Although gliders can fly for hours before landing, often covering hundreds of kilometres in the process, like everything else they are subject to the law of gravity. Unless the pilot does something about it, his glider will quickly be back on the ground.
Pilots are constantly looking for rising air. If the glider flies in this, it will go up along with it. Once the pilot has gained enough height, he can carry on his route, looking out for the next bit of rising air, or 'lift' as it's usually called. Think of height like the fuel in a car and the rising air like a petrol pump.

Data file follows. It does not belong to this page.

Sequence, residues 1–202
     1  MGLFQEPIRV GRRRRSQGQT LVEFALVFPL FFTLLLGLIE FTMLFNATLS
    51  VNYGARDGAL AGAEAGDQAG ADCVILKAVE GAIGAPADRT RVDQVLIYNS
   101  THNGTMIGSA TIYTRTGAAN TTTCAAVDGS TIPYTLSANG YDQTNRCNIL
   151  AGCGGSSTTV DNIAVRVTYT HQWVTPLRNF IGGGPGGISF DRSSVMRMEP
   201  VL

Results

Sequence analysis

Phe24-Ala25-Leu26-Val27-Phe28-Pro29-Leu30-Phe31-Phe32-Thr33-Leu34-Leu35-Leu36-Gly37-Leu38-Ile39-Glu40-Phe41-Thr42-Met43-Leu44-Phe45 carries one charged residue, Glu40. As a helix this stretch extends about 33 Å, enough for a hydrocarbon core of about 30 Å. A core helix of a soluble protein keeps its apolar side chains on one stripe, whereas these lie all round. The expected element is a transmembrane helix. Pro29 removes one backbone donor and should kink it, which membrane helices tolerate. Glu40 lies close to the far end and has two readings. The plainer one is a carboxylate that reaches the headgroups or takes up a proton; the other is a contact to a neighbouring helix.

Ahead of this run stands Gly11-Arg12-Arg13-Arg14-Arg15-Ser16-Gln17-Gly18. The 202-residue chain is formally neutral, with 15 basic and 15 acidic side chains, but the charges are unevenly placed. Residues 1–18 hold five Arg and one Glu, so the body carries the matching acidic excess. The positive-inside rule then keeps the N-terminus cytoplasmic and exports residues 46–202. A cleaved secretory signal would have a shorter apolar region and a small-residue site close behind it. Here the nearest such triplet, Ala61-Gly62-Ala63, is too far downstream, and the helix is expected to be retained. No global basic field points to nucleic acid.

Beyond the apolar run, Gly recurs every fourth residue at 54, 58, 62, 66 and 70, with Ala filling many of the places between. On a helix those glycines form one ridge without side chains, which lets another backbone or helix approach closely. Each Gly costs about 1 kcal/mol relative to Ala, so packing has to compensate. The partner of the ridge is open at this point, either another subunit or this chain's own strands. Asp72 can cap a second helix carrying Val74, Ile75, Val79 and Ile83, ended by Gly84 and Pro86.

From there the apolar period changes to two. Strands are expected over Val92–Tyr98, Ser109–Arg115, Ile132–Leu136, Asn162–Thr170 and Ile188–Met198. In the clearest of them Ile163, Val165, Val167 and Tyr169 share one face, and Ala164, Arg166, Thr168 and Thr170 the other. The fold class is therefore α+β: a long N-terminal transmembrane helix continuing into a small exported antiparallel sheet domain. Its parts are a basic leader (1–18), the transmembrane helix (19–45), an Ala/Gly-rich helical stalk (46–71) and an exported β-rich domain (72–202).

There's a lot of energy in the sky and lots of different sources of lift. The three most common ones are thermals, ridge and wave.